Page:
There are some cases of employees submitting resignation letters and later withdrawing their requests. Employers have to decide whether to allow the resignation to be withdrawn and let the employee continue working as normal. Alternatively, they can refuse the withdrawal and proceed with the resignation.

Regardless of which choice is made by an employer, the outcome should be communicated in writing to ensure complete clarity.

The last day of an employee’s notice period

As well as collecting any company property from the employee, many employers will decide to conduct an exit interview. This helps the employer collect valuable information about how the company can be improved so they can increase staff retention.

Exit interviews should not be carried out by the employee’s immediate manager or supervisor, since this means the employee may be reluctant to raise issues related to their team and seniors.

You may collect more honest answers if the employee’s anonymity is protected.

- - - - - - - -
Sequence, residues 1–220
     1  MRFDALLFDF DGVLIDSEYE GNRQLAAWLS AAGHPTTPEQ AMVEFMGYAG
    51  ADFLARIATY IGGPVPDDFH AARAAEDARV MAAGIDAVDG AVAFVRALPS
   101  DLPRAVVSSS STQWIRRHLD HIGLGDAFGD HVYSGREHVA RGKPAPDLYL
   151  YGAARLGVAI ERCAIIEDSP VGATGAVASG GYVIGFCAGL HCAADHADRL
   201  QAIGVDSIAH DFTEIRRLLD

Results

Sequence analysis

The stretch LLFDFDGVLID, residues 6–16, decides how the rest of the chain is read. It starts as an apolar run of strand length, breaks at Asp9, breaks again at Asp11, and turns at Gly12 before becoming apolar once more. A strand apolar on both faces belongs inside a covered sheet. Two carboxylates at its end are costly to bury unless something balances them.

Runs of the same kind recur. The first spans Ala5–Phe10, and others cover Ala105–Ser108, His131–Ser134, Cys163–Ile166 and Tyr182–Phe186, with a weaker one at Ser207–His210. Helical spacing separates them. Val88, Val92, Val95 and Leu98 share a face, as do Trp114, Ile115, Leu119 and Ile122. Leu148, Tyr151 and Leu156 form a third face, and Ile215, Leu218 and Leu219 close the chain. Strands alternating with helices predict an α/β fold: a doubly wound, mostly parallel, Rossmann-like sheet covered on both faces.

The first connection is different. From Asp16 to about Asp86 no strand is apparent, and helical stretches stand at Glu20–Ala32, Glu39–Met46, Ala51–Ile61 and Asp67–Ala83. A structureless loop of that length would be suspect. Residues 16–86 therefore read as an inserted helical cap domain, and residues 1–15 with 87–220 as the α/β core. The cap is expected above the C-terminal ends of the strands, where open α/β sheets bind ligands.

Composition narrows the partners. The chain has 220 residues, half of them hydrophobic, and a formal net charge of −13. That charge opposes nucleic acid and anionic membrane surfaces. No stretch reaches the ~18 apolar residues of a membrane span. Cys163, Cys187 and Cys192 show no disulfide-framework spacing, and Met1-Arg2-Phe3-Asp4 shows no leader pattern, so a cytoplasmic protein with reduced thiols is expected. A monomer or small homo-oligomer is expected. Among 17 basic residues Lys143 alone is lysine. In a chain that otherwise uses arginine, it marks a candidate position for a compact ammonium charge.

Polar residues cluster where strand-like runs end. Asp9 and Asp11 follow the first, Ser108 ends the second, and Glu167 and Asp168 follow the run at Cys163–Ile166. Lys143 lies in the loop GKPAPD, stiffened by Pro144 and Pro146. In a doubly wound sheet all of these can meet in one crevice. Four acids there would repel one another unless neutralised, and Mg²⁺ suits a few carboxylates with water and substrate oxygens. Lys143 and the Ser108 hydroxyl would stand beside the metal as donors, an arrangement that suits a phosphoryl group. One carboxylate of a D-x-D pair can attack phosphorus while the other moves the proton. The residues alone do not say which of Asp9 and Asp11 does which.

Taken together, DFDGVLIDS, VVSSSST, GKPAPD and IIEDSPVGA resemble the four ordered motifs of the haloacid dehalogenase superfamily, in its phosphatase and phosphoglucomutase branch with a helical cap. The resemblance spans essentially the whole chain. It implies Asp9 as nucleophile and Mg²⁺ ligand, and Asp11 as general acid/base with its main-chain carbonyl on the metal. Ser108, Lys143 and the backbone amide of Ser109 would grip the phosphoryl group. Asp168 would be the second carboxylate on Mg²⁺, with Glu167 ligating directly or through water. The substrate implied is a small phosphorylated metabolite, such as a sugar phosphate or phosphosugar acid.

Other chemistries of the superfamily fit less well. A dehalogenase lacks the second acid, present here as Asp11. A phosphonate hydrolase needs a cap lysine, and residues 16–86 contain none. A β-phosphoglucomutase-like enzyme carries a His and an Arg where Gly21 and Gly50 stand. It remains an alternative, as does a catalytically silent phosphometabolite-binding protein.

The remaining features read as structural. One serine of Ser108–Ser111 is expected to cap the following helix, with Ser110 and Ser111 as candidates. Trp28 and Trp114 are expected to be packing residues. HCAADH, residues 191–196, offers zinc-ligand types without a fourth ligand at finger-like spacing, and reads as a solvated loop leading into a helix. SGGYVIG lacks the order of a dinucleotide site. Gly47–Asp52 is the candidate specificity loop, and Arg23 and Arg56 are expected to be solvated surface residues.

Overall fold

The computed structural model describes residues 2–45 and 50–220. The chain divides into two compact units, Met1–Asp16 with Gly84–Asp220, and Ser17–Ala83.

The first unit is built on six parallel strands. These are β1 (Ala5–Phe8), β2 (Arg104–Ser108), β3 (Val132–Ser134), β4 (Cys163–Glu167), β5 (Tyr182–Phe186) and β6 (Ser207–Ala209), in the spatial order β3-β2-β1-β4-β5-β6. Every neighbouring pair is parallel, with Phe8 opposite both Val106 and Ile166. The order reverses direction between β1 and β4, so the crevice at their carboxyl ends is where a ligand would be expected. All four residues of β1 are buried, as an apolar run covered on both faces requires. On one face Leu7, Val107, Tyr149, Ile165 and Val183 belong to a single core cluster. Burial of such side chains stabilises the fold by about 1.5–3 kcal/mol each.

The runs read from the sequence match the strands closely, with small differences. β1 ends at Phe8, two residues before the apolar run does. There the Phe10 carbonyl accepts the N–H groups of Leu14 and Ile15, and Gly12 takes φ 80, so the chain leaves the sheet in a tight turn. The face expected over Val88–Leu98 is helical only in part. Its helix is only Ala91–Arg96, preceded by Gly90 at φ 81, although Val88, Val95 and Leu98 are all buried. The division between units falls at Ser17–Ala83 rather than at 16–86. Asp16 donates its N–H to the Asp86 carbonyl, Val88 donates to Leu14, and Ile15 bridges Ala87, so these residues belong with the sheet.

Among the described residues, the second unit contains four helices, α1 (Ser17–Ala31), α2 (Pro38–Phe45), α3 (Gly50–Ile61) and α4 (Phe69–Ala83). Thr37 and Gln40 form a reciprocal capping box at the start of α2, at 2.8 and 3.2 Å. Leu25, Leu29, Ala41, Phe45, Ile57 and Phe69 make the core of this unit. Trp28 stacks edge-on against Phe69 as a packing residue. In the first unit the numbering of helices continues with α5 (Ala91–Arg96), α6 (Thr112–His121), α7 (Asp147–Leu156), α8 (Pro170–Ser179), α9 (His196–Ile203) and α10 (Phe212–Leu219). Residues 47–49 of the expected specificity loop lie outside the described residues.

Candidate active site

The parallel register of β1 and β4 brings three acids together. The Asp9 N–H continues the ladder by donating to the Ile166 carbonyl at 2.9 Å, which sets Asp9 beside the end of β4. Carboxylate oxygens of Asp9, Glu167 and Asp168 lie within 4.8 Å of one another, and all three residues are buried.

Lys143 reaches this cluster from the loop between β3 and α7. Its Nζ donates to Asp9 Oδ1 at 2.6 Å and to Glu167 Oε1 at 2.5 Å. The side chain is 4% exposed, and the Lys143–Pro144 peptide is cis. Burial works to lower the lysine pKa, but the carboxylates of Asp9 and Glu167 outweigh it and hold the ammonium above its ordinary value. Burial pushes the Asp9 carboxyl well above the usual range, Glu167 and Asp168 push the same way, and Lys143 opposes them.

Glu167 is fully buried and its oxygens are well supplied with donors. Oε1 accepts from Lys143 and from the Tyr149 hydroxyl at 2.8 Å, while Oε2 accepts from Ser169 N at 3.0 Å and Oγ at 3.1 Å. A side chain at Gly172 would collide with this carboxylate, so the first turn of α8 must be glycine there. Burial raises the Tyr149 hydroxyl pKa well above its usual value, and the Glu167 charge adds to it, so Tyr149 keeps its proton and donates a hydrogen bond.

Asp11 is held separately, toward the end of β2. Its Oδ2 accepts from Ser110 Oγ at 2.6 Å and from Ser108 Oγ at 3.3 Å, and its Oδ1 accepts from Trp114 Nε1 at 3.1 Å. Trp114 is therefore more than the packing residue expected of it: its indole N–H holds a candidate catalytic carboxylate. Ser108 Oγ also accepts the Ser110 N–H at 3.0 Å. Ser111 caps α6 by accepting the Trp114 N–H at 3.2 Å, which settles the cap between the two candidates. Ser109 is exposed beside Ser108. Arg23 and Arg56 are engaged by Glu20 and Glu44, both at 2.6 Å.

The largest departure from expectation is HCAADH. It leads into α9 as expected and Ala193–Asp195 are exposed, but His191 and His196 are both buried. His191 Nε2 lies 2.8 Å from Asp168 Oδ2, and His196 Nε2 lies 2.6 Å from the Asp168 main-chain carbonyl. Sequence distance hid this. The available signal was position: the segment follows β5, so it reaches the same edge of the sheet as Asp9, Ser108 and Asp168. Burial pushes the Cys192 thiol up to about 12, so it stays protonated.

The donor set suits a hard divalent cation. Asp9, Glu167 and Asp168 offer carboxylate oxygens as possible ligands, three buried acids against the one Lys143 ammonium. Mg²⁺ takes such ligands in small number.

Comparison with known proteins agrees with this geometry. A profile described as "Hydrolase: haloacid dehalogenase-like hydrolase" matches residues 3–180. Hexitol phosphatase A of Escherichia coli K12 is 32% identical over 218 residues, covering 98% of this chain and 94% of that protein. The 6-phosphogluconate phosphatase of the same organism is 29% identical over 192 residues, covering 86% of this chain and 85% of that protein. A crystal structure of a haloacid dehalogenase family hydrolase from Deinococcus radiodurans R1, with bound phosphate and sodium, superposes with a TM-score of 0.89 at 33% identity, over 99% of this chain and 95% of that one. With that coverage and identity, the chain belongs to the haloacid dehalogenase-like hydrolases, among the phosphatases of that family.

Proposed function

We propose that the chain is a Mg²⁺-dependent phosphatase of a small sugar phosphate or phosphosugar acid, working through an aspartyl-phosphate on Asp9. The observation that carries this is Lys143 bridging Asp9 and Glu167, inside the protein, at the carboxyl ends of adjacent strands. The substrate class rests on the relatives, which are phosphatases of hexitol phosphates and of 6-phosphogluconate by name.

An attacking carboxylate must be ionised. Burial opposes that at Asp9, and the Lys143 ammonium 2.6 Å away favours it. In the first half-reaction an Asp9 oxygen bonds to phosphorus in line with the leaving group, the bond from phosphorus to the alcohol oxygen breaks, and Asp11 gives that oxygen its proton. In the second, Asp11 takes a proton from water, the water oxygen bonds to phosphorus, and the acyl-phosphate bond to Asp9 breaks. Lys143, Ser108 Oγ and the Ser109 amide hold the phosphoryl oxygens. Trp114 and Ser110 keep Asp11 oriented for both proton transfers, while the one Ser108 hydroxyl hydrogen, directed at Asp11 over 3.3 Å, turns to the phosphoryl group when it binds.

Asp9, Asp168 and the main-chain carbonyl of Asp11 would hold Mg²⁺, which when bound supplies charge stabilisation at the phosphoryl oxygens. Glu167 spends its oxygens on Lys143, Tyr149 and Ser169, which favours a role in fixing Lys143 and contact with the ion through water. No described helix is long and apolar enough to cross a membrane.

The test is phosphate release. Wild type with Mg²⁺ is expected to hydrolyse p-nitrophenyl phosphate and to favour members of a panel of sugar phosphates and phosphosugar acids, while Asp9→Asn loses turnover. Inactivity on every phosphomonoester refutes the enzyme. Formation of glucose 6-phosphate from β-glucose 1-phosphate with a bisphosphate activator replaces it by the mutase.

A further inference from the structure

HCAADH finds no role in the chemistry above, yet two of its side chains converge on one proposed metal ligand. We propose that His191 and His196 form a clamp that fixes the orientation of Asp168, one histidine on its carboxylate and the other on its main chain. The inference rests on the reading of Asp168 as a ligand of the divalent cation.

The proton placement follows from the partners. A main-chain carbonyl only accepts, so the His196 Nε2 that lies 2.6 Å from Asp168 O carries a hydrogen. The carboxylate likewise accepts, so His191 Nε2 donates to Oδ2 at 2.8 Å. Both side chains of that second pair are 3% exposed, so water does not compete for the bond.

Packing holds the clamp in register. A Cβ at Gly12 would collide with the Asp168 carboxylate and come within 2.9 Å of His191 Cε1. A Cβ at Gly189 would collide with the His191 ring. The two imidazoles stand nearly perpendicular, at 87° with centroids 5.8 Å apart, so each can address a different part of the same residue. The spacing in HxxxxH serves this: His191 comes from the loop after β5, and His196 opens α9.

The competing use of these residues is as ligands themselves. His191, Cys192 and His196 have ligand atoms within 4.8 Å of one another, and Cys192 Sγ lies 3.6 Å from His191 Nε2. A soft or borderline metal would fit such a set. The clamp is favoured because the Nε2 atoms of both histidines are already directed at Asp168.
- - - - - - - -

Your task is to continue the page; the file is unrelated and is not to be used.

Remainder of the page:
The exit interview can ask questions related to the following:

  • Reason for resignation

  • Relationship with supervisors and workmates

  • Satisfaction with pay, training, and development opportunities

  • Working environment and culture

  • Workplace policies and processes

  • Suggested improvements

Remember – there is no point in doing exit interviews unless you follow up on the information you collect. Make sure you have processes in place to review exit interviews and action any workable changes.

Frequently Asked Questions

What is constructive dismissal?

Constructive dismissal occurs when an employee resigns from their position, but the termination of their employment is deemed to have been initiated by the employer.

What if the employee does not have an employment agreement?

An employee without an employment agreement does not need to give a set amount of notice to their employer before resigning. However, a reasonable notice period should still be provided.

While resignation is a process started by the employee, there are obligations that you as an employer must meet. For assistance, contact our FREE 24/7 Advice Line on 0800 568 012.